Guns don’t kill people; People kill people. Half of the people who read that first sentence nodded their head in agreement and the other half rolled their eyes and probably thought “how cliché!” Therein lies the biggest obstacle when discussing gun control and ownership; the inability to see that the argument against gun control is that of people and actions. People buy or sell guns, use them to hunt, or as a form of sport, and sadly sometimes to commit violent illegal acts. The key factor here is PEOPLE.
It is a person’s state of mind that controls how they to use a gun. A person determined to use a gun to kill will not be deterred by gun control laws because their state of mind is not focused on the gun, but is focused on the kill. When those who are anti-gun are able to take an objective view by focusing on the state of mind of the criminal and not on the tool they use, it will become apparent that gun control does not solve the problem of gun violence.
Many argue that the need to ban all guns, but not other tools of the trade, like knives, cars, baseball bats, etc. is because guns have the capability of causing mass casualties while knives do not. The major flaw with arguing that guns cause mass causalities is that other tools do as well,
yet those items have not been banned nor have they been argued as something that should be banned. Recently there was a mass shooting in Las Vegas, Nevada where a single gun was used to kill 58 people (Mass Shooting, n.d.) There was an immediate outcry for an absolute ban on guns. In contrast, there was also a recent attack in New York City where a driver plowed a truck through a congested area made for cyclists (Baker, Mueller, & Rashbaum, 2017) This attack killed 8 people and injured 11 others.
In the days after this massacre, there was no outcry for the ban of cars and no argument for creating stricter vehicle regulations. These two events indicate the flaw in the logic used when arguing that guns should be banned because they have the ability to cause mass death.
The common factor between these two events is that there was a person behind the weapon who wanted to commit the terrible act of causing the death of others. What society has failed to acknowledge is that a ban on guns is not going to change the amount of mass shootings or murders that occur, nor will it change the criminal’s state of mind.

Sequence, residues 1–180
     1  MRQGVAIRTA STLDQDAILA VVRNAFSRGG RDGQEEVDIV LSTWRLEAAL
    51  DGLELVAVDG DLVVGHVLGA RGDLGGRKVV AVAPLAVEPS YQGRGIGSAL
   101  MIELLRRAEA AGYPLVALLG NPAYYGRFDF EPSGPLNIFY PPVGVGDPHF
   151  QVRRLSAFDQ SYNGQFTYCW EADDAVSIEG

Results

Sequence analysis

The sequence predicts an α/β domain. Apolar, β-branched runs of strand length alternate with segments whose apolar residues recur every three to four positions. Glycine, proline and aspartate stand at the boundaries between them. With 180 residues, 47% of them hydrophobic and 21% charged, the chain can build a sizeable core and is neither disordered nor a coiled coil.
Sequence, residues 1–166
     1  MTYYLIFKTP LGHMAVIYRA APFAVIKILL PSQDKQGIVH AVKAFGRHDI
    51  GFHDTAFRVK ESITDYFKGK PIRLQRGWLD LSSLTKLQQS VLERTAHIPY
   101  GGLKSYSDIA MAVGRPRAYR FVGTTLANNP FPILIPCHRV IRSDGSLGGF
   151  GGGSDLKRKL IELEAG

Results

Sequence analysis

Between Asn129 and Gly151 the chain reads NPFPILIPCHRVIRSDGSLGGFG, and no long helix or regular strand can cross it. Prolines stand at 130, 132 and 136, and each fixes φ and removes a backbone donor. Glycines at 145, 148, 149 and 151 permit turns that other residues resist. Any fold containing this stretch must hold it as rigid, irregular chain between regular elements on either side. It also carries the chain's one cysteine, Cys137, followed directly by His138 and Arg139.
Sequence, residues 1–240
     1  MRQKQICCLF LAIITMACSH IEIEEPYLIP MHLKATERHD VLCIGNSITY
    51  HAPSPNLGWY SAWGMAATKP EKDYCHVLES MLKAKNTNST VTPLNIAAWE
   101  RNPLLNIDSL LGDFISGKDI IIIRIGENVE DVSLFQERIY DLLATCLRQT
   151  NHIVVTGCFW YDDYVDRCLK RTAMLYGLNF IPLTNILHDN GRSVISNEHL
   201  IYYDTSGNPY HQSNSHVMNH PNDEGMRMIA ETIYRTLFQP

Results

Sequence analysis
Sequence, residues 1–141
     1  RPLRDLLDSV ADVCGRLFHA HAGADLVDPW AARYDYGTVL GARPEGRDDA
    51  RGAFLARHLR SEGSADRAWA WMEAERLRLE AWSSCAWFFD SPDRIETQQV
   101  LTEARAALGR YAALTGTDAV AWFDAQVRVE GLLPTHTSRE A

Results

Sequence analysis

The biggest change will come from educating people about gun safety. Even if we tried to ban ALL guns, there is no way to possibly rid the world of guns. They would still exist and the criminals willing to use them would obtain them illegally via the black market. A better alternative to gun control is to educate people about the proper way to use guns and not to fear
them. This is one definite way to protect people from accidentally harming themselves or others.
The majority of gun owners use proper protocols and safety measures in order stop harm from occurring. The gun-related deaths we hear about via the media are not associated with legal use of guns to protect and defend, but instead are about the illegal use of guns, which in turn causes society to attach an emotional pain to the use of an inanimate object.
A gun that is placed on a table can sit there for hundreds of years and never cause injury. The problem is that injury only occurs once a person decides to pick up that gun and use it. Just like making murder illegal doesn’t stop people from killing, making it illegal for anyone to own a gun will not stop criminals from using guns to murder. There are thousands of
laws to control and restrict gun use. These restrictions have never solved the problem of illegal gun-related murder. Those with anti-gun arguments need to remove their finger from the
metaphorical trigger pointed at the weapon itself and instead need to point it at the person behind the gun.
Clark County Coroner Releases Names of Deceased from Oct. 1 Mass Shooting. (n.d.).
Benjamin Mueller, William K. Rashbaum and Al Baker. (2017, October 31). Terror Attack Kills 8 and Injures 11 in Manhattan. Retrieved from https://www.nytimes.com/2017/10/31/nyregion/police-shooting-lower-manhattan.html?ref=oembed